Skip to 0 minutes and 11 seconds To develop the concept of entrepreneurship further, we go into the processes of entrepreneurship. Starting on the end of the process, what is it entrepreneurs want to attain. One thing often assumed is value, value for customers, value for the enterprise, and value for themselves. How to get to that value? That’s the entrepreneurial process, which consists of, first, recognizing or creating an opportunity for value creation. Second, converting this opportunity into a workable concept; and third, capitalizing on a concept in a growing organization. Important questions in entrepreneurship research are characterized by attempting to typify the process further. It also involves aspects such as the longstanding discussion regarding rational, plan-based working, which come from Popper, versus so-called “muddling through,” which was labeled by Lindblom.
Skip to 1 minute and 12 seconds It relates to the complexity and uncertainty of entrepreneurial processes and to the availability of resources. For the latter, the term bricolage also crops up in entrepreneurship literature as a way of characterizing the process that entrepreneurs go through. In this case, bricolage primarily refers to creating something from very few resources with the help of improvisation and creative processes. The basic assumption is that starters often have few means at their disposal and, therefore, have to call on their powers of creativity to make effective use of them.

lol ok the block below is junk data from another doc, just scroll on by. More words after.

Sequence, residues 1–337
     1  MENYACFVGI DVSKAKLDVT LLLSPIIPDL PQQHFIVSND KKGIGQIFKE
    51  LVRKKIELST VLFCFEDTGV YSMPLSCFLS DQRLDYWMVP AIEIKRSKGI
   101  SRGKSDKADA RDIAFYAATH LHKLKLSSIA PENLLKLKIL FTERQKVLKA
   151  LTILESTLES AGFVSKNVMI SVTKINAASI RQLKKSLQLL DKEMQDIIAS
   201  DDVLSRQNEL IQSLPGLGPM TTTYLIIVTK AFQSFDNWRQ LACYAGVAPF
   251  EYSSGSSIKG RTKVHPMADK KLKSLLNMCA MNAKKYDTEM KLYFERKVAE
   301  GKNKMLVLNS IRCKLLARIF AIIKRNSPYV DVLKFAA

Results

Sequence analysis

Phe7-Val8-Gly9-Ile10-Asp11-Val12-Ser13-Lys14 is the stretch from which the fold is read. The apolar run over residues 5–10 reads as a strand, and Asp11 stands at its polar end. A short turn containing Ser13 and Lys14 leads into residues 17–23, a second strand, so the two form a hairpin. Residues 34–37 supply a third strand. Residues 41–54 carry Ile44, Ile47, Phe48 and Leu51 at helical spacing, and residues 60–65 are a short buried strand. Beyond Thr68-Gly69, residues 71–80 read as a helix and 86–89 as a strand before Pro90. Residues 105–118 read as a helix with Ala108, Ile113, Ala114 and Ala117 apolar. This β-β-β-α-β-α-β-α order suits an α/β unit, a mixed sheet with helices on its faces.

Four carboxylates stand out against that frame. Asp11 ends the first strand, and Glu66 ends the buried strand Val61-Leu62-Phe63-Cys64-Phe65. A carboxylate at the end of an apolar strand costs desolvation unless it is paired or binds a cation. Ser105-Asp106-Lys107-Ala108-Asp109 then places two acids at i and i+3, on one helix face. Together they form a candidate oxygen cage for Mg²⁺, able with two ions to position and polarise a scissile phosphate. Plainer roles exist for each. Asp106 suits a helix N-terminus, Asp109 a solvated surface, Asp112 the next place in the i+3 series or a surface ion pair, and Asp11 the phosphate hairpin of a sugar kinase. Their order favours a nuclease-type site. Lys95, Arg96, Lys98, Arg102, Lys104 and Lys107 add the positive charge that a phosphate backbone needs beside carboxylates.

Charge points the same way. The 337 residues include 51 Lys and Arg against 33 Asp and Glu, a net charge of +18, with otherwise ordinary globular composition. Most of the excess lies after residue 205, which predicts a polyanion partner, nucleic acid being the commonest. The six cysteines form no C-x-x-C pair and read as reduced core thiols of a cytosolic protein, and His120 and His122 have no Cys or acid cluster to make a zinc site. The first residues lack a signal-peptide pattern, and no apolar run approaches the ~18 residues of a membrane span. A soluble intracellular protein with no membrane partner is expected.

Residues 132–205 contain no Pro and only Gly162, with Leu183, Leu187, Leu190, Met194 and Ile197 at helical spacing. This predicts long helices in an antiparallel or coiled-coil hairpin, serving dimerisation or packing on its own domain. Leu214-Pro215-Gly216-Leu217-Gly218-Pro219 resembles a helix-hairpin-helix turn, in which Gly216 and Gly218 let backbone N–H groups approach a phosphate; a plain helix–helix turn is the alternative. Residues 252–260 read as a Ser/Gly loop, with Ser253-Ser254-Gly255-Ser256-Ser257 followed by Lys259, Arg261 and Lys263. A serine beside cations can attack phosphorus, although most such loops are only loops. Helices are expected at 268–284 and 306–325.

Skip to 1 minute and 48 seconds Saras Sarasvathy developed an approach which depicts two approaches– causation, which assumes a goal-oriented plan to rational process, and effectuation, which is based on the control perspective, which is more building on existing resources to inductively build a business opportunity. As depicted in the photo, she assumes shows a process which starts from the entrepreneur herself, determining who we are, what we have, and who we know to come to a first answer of what we can do in a new company. And then in interaction with others, the process leads to multiple adjustments of that we can do as an enterprise. Original entrepreneurial ideas may change considerably in this process.
Skip to 2 minutes and 36 seconds Sharon Alvarez and Jay Barney make a strong point for opportunities not to be discovered– as if they are already there. One just has to find them– but to be created by the entrepreneur and his enterprise. For example, the concept of smartphones was created by entrepreneurs, such as Steve Jobs from Apple. But in the ’90s, many, now heavy users, had no idea why they would need a mobile, let alone a smartphone. In the creation perspective the uncertainty is higher, rather than in the discovery setting, the uncertainty is smaller, although the risk may still be high.
Process of entrepreneurship
In this lecture a process model of entrepreneurship is developed.
Starting at the end of the process, what is it entrepreneurs want to attain? Where does it start? Are opportunities discovered or created?
In the next step, we will elaborate on causation and effectuation in more detail.